Goldman Sachs Confirms Bitcoin Trading Plans

Goldman Sachs has finally confirmed that it is getting into bitcoin trading.

A New York Times report this morning confirms that the Wall Street bank, which has a storied history, plans to begin trading the newest investment instrument on the block in the next few weeks. According to the report, Goldman will use its own money to trade bitcoin futures contracts and is working to develop a new type of derivative – non-deliverable forward (probably named so because bitcoin futures are cash-settled).  Rana Yared, managing director of the securities division at Goldman Sachs, attributed the investment firm’s decision to demand from clients like hedge funds. Endowments and foundations also became interested in bitcoin trading after they received donations from “newly-minted” bitcoin millionaires.

A key point to note here is that Goldman’s clients were mostly interested in using bitcoin as a store of value. The cryptocurrency’s price has skyrocketed in the last year even as its utility as a medium for daily transactions has diminished. Long wait times and high fees to process transactions coupled with hesitation by consumers and retailers to use it for purchase or sale have converted its perceived convenience into an annoyance.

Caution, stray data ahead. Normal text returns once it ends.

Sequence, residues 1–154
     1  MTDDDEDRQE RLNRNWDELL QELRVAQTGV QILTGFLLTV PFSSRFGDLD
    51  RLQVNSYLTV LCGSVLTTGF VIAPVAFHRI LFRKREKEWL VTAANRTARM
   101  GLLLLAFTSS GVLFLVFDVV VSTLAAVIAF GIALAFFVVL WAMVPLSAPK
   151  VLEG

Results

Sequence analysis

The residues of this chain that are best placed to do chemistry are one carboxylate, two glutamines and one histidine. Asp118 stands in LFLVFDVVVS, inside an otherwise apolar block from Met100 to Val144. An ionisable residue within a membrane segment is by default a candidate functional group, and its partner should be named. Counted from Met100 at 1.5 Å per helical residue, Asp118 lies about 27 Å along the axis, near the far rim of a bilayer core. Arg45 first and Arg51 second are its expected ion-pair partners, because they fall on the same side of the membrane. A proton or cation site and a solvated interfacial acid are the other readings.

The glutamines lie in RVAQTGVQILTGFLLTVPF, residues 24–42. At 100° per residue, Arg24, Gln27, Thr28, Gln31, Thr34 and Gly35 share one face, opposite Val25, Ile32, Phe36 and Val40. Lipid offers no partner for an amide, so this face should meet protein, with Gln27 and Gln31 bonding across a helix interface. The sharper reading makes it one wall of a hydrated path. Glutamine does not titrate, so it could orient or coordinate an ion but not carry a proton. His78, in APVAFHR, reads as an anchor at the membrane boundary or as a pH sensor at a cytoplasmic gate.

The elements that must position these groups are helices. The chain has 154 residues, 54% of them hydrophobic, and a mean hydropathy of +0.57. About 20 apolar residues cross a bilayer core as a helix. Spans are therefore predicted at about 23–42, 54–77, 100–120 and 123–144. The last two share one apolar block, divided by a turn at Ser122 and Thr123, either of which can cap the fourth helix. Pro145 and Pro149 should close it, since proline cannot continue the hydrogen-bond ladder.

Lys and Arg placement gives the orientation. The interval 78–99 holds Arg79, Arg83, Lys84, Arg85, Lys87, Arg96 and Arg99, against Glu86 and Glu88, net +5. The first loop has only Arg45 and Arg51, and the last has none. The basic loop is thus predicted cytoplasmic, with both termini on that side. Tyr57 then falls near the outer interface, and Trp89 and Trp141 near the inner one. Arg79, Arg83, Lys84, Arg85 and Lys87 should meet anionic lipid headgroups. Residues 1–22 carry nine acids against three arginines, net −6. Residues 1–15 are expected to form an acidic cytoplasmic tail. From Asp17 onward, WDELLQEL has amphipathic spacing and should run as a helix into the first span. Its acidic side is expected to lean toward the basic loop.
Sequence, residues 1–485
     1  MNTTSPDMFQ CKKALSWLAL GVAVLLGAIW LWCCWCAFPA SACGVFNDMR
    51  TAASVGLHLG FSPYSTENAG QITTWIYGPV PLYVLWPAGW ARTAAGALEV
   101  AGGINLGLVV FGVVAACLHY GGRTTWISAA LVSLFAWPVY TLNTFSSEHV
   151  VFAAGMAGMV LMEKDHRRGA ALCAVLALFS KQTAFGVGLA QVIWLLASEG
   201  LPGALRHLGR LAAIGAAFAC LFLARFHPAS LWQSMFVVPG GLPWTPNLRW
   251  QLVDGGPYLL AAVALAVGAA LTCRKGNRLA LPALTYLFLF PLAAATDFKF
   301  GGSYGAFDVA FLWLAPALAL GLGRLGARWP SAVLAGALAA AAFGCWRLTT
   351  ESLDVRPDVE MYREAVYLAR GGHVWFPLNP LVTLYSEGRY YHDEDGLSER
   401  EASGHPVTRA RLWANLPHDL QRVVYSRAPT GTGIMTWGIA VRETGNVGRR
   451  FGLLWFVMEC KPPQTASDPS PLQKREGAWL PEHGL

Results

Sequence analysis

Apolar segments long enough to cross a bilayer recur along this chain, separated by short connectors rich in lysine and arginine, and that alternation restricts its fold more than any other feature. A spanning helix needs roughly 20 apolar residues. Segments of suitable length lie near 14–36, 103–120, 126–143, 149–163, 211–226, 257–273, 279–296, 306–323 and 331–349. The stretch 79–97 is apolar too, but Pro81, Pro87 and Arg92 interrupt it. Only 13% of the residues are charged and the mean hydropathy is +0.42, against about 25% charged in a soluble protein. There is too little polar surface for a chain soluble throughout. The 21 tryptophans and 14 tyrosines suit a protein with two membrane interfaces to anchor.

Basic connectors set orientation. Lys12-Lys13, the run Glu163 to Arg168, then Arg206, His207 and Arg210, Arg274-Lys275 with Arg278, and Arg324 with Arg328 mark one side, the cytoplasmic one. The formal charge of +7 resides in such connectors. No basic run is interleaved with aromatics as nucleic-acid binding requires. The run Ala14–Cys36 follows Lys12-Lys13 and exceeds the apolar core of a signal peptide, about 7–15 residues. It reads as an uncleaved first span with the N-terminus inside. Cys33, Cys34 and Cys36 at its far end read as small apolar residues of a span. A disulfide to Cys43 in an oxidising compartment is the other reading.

Goldman’s decision to enter bitcoin trading is a brave one. Institutional investors are still grappling with bitcoin’s status and have largely stayed away from investing in it. Some investment banks, such as Bank of America, have also issued explicit instructions warning their trading desks from dealing in bitcoin. Goldman, itself, has maintained a cryptic stance regarding the cryptocurrency. Its CEO Lloyd Blankfein has not dismissed it but his employees have declared that bitcoin is not the new gold.

Goldman is also a clearing agent for bitcoin futures and, according to reports, charges premium margin for the task. In her interview with the New York Times, Yared said that the bank was “cleareyed” about its decision to begin bitcoin trading. “It is not a new risk that we don’t understand,” Ms. Yared said. “It is just a heightened risk that we need to be extra aware of here.”